Retention of participants in medication-assisted programs in low- and middle-income countries: an international systematic review
- The findings and conclusions in this report are those of the authors and do not necessarily represent the views of the organizations and/or agencies the authors are affiliated with.
Background and aims
Medication-assisted treatment (MAT) is a key component in overdose prevention, reducing illicit opiate use and risk of blood-borne virus infection. By retaining participants in MAT programs for longer periods of time, more noticeable and permanent changes in drug use, risk behavior and quality of life can be achieved. Many studies have documented retention in MAT programs in high-income countries, using a 50% average 12-month follow-up retention rate as a marker for a successful MAT program. This study contributes to a systematic understanding of how successful programs have been in retaining participants in low- and middle-income countries (LMIC) over time.
Using Preferred Reporting Items for Systematic Reviews and Meta-Analyses (PRISMA) guidelines, we conducted a systematic literature search to identify MAT program studies that documented changes in retention over time for participants in buprenorphine and methadone programs in LMIC. Retention was measured for participants by length of follow-up, type of MAT and treatment dosage.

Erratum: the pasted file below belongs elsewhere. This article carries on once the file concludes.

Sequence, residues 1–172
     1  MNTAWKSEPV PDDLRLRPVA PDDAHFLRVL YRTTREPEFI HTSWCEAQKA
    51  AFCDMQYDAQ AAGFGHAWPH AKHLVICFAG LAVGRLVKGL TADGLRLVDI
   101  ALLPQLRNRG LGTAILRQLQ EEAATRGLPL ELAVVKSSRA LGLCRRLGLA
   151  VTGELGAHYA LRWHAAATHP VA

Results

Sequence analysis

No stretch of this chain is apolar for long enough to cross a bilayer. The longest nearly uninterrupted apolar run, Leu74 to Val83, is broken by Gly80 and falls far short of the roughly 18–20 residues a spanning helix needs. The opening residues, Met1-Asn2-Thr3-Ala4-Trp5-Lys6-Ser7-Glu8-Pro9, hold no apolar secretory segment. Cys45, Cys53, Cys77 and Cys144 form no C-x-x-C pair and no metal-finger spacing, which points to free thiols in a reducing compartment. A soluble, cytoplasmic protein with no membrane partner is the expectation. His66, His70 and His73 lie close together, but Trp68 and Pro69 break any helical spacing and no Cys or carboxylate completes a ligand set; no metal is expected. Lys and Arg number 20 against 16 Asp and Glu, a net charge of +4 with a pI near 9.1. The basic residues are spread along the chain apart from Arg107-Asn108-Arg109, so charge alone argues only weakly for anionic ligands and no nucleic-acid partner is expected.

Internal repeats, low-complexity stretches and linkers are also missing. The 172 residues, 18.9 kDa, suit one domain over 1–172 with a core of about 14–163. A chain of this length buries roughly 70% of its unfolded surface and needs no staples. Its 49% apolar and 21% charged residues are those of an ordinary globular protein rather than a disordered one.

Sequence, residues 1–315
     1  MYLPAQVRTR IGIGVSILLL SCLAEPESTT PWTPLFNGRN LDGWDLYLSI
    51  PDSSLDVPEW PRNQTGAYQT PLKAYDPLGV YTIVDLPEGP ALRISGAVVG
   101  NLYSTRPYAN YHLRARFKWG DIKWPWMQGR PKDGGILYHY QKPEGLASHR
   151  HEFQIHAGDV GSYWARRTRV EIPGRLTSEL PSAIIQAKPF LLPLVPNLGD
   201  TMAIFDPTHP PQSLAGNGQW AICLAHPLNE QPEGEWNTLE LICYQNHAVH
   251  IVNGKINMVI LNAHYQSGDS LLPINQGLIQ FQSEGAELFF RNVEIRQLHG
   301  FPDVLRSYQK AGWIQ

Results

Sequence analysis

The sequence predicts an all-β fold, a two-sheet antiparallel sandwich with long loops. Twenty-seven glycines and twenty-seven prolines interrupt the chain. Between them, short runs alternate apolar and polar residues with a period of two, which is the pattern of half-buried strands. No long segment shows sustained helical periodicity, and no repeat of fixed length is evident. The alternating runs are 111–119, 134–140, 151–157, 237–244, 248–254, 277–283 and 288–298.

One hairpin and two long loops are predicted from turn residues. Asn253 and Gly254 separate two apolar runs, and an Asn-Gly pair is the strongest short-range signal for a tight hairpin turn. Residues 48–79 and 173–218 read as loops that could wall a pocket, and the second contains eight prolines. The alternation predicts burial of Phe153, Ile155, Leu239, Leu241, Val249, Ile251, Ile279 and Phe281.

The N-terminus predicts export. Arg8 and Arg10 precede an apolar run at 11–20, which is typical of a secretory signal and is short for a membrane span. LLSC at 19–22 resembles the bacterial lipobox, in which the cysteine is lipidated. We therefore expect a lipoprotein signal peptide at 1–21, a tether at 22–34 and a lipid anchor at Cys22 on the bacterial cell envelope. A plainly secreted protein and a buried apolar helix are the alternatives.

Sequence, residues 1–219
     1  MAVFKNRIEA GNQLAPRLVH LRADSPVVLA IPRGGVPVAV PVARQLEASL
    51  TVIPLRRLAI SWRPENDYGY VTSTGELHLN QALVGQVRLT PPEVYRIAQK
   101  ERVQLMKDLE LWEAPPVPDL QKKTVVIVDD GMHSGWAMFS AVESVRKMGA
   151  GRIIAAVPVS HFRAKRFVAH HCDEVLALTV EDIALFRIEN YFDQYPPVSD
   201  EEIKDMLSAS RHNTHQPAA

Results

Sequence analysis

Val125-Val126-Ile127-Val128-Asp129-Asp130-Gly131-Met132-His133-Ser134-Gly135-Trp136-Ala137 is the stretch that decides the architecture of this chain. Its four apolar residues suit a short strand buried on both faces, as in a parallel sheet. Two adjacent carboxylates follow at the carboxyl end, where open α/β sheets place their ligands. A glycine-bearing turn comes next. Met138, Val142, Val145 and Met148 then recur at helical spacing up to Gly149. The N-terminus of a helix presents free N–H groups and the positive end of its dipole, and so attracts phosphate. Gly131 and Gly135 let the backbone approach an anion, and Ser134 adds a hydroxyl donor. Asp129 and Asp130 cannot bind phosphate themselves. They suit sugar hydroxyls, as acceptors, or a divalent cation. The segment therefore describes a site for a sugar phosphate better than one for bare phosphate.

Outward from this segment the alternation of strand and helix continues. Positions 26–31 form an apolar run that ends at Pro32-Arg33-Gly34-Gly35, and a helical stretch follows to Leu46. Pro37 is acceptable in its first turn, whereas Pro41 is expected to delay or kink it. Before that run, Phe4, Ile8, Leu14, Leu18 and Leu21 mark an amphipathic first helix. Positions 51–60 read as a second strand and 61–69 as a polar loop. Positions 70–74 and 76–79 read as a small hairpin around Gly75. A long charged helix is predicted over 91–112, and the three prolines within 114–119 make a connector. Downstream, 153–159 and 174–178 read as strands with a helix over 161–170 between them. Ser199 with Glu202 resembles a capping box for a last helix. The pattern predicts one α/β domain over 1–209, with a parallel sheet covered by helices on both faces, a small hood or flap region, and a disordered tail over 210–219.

There were 58 MAT program studies, with 27 047 participants eligible for inclusion in the review. Overall average retention after 12 months was 54.3% [95% confidence interval (CI) = 46.2, 63.7%]. Overall average retention was moderately good for both buprenorphine (48.3%, 95% CI = 22.1, 74.6%) and methadone (56.6%, 95% CI = 45.9%, 67.3%) after 12 months of treatment. Among programs using methadone there was no statistically significant difference in average retention by dosage level, and the 10 highest and lowest dosage programs obtained similar average retention levels after 12 months.
Medication-assisted treatment programs in low- and middle-income countries achieve an average 50% retention rate after 12 months, with wide variation across programs but little difference between those using buprenorphine versus methadone.